Outside of my drinking heroics, the club entered our Barrel-Aged Oud Bruin into the competition where it scored a whopping 5 out of 50 from the esteemed* judges, with such helpful feedback* as “sour” and “too sour.” Noted. Next time we make a traditionally sour brown ale, we’ll just make a brown ale instead… I guess. In more qualified beer judging news, big thanks to Jeffrey Lyons of New England Beer Review on Youtube for checking out our tent and reviewing Swinging Cowboy (!!). The MASH HOLES segment starts at 4:04 –

I’m happy to report that Swinging Cowboy was the first keg to be kicked, followed by other fantastic brews: Samurai Juice (Colin’s green tea IPA), Smaug (Larry’s RIS), Dicks out for Harambe (my RIS), Disgusting (my Oktoberfest), Swing and a Mrs. (fka Walk of Shame, Andy’s Coffee Cream Ale), Hopnoxious (Larry’s hoppy saison), Demonic Monk (Colin’s spicy Trappist beer), and several of our other awfully named beers. If my memory serves – which it often doesn’t – every single keg we brought to Jambo this year was kicked by the end of Saturday night.

The night was capped when the fearless and fearsome ladies of the MASH HOLES took The Hammer for a much more successful pillaging. A big thanks to everyone who showed up for Jambo including my brother and parents (!!), who I’m sure were so very proud of my stand-up behavior (i.e. the fact that I was still standing up).

As always: can’t wait til next year!


* For those who don’t know me personally, this is what we call “sarcasm.”

Checking In On The Swinging Cowboy

Swinging Cowboy, Day 7

As I wrote last time, my Swinging Cowboy IPA was less than stellar on first taste. I also noted at the time that it wasn’t a fair comparison given the immaturity of the beer so close to its dry-hopping and carbonation. We’re now seven days removed from that last update, so how’s the Cowboy now?

In short: much better.


I had complained about the grassy aroma wafting off this beer, three days from its last dry-hop charge. Today that grassy-ness has faded almost completely and has been replaced by a wallop of strong citrus character.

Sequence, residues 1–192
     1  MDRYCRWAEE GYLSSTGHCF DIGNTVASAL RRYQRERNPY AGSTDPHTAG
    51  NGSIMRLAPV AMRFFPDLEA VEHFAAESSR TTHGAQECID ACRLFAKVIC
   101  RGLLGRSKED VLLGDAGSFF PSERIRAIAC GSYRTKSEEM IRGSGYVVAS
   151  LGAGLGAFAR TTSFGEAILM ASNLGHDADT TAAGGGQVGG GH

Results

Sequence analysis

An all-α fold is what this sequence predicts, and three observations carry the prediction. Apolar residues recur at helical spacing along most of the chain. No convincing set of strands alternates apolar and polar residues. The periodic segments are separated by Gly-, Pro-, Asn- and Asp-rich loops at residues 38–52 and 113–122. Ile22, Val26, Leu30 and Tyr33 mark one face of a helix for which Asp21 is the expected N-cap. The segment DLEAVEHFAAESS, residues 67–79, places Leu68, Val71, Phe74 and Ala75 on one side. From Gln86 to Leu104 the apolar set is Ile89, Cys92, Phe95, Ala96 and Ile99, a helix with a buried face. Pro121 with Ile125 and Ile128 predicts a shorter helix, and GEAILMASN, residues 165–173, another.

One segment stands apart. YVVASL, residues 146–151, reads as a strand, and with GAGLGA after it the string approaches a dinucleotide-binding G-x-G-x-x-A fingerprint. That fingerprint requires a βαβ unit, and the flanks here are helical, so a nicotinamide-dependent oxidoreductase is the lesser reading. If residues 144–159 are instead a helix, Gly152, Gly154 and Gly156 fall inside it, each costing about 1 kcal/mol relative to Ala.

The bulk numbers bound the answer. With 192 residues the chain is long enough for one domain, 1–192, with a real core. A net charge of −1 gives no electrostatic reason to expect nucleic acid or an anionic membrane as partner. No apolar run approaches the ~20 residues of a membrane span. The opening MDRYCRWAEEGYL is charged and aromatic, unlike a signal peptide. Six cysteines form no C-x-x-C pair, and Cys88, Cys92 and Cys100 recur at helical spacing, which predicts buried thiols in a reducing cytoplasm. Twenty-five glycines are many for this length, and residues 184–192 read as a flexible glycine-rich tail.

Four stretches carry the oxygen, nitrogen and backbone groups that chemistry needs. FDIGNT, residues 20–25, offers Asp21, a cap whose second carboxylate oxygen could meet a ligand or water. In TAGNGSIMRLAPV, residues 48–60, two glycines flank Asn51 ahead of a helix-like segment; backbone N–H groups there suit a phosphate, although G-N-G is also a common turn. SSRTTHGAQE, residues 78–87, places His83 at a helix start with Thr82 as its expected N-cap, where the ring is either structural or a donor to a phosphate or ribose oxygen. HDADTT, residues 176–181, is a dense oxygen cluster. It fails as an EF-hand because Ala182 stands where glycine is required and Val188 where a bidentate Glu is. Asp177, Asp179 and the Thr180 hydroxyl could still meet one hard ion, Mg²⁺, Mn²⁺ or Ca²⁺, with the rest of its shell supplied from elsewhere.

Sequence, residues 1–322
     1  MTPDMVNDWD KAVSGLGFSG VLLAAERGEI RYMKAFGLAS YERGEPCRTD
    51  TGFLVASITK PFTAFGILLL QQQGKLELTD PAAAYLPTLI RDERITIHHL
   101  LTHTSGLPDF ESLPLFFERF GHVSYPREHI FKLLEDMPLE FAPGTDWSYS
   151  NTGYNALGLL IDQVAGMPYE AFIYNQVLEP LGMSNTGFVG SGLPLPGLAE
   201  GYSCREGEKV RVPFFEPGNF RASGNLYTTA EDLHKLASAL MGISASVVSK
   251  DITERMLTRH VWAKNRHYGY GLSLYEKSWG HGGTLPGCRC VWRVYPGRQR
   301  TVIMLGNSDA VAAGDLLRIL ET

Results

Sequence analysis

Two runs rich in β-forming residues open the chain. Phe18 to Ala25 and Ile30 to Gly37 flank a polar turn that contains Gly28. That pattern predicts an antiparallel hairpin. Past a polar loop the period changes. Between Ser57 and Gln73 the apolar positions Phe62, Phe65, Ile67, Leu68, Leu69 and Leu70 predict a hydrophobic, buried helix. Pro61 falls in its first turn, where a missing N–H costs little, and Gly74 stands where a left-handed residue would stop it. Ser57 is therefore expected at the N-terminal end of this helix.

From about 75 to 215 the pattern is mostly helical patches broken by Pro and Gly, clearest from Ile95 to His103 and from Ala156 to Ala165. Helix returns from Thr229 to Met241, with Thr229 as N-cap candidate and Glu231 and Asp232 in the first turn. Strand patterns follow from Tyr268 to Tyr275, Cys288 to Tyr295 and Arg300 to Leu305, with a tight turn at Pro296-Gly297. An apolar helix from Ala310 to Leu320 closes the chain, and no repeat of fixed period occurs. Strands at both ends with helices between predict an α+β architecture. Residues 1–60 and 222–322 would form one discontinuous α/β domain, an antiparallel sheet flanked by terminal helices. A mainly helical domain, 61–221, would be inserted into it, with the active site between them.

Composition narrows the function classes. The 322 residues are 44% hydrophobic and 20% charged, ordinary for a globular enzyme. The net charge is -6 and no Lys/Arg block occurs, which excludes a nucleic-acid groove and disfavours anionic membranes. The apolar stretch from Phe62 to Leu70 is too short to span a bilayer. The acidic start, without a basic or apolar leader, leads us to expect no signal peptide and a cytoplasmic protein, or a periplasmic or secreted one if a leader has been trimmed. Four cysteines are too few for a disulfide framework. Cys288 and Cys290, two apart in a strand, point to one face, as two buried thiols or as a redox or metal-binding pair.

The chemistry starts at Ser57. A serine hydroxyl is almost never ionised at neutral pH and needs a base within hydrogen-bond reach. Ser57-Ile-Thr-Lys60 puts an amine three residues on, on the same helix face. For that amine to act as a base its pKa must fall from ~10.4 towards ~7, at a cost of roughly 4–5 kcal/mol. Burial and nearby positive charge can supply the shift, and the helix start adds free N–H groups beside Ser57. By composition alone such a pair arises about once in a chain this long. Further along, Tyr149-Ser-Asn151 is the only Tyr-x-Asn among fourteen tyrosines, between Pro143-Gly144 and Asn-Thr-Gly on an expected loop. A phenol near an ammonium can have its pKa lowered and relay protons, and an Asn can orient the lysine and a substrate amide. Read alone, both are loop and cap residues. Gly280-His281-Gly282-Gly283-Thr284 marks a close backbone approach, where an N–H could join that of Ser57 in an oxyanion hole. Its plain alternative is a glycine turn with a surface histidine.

As you can see from the photo above, I have very greasy fingerprints and a Megaman doll. You can a pretty fair representation of the beer’s color and clarity (or lack thereof). Without the bright light behind it, the beer is a shade or two more orange. Overall, this is what I was shooting for given the light grain bill and the NE IPA style I’d attached to it.


This was the biggest area of improvement, and thank Crom for that. The vegetal, grassy flavor is almost completely gone, rounding into a nice smooth bitterness. It’s still there, but much less pronounced and I think by the time JAMBO rolls around next weekend it should be a distant memory. In its place, the bitterness I mentioned is still prevalent, but there’s a much stronger fruitiness. Mango, papaya, tangerine, all those expensive orange-colored fruits that Yuppie moms buy at Whole Foods. This isn’t near as fruity as your average Trillium brew, but it has a much stronger bitterness. Similar (but not comparable) to Heady Topper.


Still rich and full-for-an-IPA. Not quite as “juicy” as a Treehouse or Trillium; again I’d put it closer to the OG of NE IPA’s (Heady) in mouthfeel. Creamy, but not chewy. Right where I like it (that’s what she said).


Talk about a night-and-day difference. I may have accidentally (but happily) sped up the aging process due to a gas leak in the keg. The gas connecting post wouldn’t seal, so whenever I removed the gas line – say, to gas another keg – all of the CO2 escaped. This happened multiple times, most likely introducing oxygen. While normally this would be bad, it is my theory that this help scrub out the grassy and vegetal notes much faster. I can’t really run a test on it (I’m not the Brulosophy eggheads), because I’ve now fixed that leak and don’t know how much scrubbing is actually left.

Overall, I’m now MUCH happier with this beer and excited to serve it at JAMBO. There’s also an upcoming homebrew competition for IPAs that I might consider entering if there’s any leftovers.


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Side-by-Side IPA Comparison

Looking into this my chest freezer this fine Wednesday evening (what is it with me and Wednesdays?), I realized that I had two different kegs of IPA. The older of the two is Hustle and Swagger, an IPA brewed with the myriad of free hops I received at Homebrew Con 2016. The younger is a just-kegged, double-dry-hopped take on my old Eighty-Sixed recipe called Swinging Cowboy*. So I figured I try them out side-by-side and see what I like and dislike about each IPA. First, the recipes.

Swagger (left) and Cowboy (right)

Hustle & Swagger


Amount Fermentable
11.0 lb

Pilsner (US)

2.5 lb

Maris Otter Pale (UK)

2.0 lb

Munich – Light 10L (US)

0.5 lb

Munich – Dark 20L (US)

0.5 lb



Amount Hop Time Use Form AA
2.0 oz Nugget (US) 60 min First Wort Pellet 14.3%
1.5 oz Chinook (US) 15 min Boil Pellet 12.0%
1.5 oz Centennial (US) 15 min Boil Pellet 10.5%
2.0 oz Cascade (US) 0 min Boil Pellet 7.0%
1.0 oz Equinox 0 min Boil Pellet 15.0%
2.0 oz Zythos (US) 5 days Dry Hop Pellet 11.0%
1.0 oz Equinox 5 days Dry Hop Pellet 15.0%
1.0 oz Pekko 5 days Dry Hop Pellet 13.0%


Name Lab/Product Attenuation
Hansen Ale Blend White Labs 78.0%

Swinging Cowboy


Amount Fermentable
6.75 lb

Golden Promise (UK)

6.75 lb

Pilsner (US)

1.25 lb

Flaked Oats

0.75 lb


0.63 lb

Carapils (Dextrine Malt) (US)


Amount Hop Time Use Form AA
1.25 oz Nugget (US) 60 min Boil Pellet 14.3%